10 Tips to help your kids succeed in school
We seem to be entrenched in a new school year. How did that happen? Parents who struggled to keep kids occupied and entertained all summer may be quite happy about this news. Kids might be a little... less happy. Let's make the this school year as pain-free as possible for everyone involved. These 10 tips for school success should help reduce your own stress and help your child have an amazing year.
Build your child’s EQ skills
Success in school doesn't require a sky-high IQ, it’s also about EQ: emotional intelligence. Kindergarten teachers report that more than 30 percent of children entering their classrooms do not have the necessary social and emotional skills to be prepared for school life. Knowing how to identify and manage their own emotions — and to recognize the emotions of others — is a key component of EQ. Start teaching your child many different words for feelings — the most important vocabulary they will ever learn!
Take 10 for reading
Some amount of “summer slide” inevitably occurred the last few months. Kids' academic skills regress while their brains are idle during vacation. To get children back in gear for the new school year, have them read for at least 10 minutes a day — and if they get hooked on a good story and keep going, even better! Even reading comics or a kids’ magazine like Highlights or Sports Illustrated Kids can help students get back in the groove. If you have a pet, children can get terrific practice reading aloud to a non-judgmental animal friend.
Early to bed, early to rise
No one enjoys the struggle of waking groggy kids as the excitement of the first few weeks wears off and the school routine settles in for good. Encourage kids to wake up around the same time every day — even on weekends — so the weekday mornings don't seem so impossible.
Don’t shop 'til you drop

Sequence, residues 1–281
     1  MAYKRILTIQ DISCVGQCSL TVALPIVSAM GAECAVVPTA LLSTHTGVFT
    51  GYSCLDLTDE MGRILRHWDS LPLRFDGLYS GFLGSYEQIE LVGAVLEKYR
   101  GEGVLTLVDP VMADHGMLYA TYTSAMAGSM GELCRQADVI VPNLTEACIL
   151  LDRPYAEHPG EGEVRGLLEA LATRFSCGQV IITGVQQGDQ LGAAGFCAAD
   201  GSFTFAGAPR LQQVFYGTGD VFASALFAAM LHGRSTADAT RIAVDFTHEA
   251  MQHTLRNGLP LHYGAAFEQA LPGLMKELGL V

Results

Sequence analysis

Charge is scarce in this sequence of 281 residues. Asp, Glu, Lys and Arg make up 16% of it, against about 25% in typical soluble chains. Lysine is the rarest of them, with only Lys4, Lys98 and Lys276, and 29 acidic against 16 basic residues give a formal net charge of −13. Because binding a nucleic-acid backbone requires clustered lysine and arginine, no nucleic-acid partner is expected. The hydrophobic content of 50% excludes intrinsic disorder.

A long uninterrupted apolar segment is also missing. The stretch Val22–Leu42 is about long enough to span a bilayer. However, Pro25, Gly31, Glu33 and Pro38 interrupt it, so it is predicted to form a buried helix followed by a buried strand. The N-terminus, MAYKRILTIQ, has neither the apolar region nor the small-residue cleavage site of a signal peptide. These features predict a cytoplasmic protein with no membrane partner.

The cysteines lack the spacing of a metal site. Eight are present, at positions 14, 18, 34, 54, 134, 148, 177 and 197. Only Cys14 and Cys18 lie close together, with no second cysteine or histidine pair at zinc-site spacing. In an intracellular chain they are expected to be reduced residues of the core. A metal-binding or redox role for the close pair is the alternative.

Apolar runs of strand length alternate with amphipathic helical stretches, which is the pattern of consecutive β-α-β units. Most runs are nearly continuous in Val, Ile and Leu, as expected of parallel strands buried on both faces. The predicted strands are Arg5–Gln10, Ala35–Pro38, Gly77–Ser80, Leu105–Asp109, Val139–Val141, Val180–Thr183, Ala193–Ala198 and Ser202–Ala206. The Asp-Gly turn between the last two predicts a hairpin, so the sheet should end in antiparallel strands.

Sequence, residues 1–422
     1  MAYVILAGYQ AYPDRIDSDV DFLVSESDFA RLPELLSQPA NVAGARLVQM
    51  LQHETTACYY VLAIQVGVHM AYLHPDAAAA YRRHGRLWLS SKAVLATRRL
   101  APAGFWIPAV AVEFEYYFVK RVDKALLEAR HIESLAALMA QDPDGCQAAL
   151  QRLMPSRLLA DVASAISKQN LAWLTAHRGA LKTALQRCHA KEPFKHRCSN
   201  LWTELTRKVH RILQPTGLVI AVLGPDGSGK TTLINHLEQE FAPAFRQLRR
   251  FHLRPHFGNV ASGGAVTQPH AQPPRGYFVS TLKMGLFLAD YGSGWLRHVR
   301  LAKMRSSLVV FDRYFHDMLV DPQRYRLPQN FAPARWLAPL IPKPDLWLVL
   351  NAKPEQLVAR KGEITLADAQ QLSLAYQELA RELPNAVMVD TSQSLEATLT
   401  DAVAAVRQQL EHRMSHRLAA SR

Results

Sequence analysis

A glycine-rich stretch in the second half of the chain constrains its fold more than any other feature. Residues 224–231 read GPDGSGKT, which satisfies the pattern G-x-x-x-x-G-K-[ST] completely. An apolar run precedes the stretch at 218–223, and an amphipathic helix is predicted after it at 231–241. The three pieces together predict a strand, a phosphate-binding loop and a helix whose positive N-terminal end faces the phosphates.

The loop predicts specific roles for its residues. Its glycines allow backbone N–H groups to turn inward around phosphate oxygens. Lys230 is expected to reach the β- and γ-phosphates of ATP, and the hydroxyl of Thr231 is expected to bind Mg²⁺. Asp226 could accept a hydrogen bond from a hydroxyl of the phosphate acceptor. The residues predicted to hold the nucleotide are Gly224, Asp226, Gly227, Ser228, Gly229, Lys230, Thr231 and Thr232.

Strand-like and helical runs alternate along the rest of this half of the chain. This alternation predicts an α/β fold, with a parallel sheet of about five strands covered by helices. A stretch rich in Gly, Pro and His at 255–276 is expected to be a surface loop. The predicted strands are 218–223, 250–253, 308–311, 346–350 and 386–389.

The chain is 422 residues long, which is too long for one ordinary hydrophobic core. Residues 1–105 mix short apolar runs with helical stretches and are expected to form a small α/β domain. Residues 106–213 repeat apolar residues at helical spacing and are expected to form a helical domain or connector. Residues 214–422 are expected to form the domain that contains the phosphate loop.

Parents love to take advantage of the back-to-school sales, but waiting until a few weeks into the school year can benefit kids and parents alike. Kids like to dress like their friends, so letting them see what everyone else is wearing might mean less shopping over all — because they won't insist that they can't possibly wear all the new things you've already purchased.
Brush up on safety
Don't assume your kids will remember all the safety details they learned last year. Parents should review important safety tips with their kids. Stand back from the curb at the bus stop. Always wear a helmet when riding a bicycle to school. Walk to school with a friend — and always stay on the sidewalk and look both ways before crossing streets. Parents should be hyper-aware of your surroundings while driving. School traffic is serious business during drop off and pick up.
Talk about bullying
Start by helping kids learn to read nonverbal cues, so they’ll recognize them in others. Have them look in a mirror and see how their faces look when they’re expressing "angry," "happy" or "scared" feelings. Empower your child with safety strategies if they feel threatened by someone. They can turn and walk away, stay calm and speak in a friendly manner, move to a crowded place, hold up their hand and say, "Stop it," or stand up straight and say, "Leave me alone!" Encourage them to seek help from you, teachers or friends if they've been bullied.
Know the plan
Familiarize younger children or first-time students with the route to school, and go over their new daily routine. Talk with them — more than once! — about how to get to the lunchroom, bathrooms, lockers, gym and bus stop. Learning a new routine — or remembering from the previous school year — can take time for some kids.
In with the new
Invite new classmates over for a play date so the children can get acquainted. Making friends is an important EQ skill that some kids may need your help to do. Teach simple strategies for entering a group setting — smiling and saying hello, introducing yourself and showing interest by asking questions. If they’re uncomfortable, offer this handy trick: look at the color of the person’s eyes. This promotes eye contact while giving the child something else to think about. Role-play at home so your child feels comfortable making new friends.
Reassure your child
If your child is still nervous after the first few weeks, remind him that everyone feels nervous about going back to school, even teachers. Share a personal experience to show that you can identify with how they are feeling. Remind your children about how well they did in school last year and how many friends they made, with more to be made in the coming year. Above all, listen to her concerns with empathy and understanding. Validate feelings without judgment or telling them how they should feel!
Make it fun
Whether you plan an ice cream date or game night, arrange a celebration or two so your children have something to anticipate. Get the entire family involved, and talk about feelings surrounding their new school year.
The school year is such a rich time of mental and emotional growth, adventure, friendship and new experiences. A little preparation and communication helps your kids get started on their best school year yet.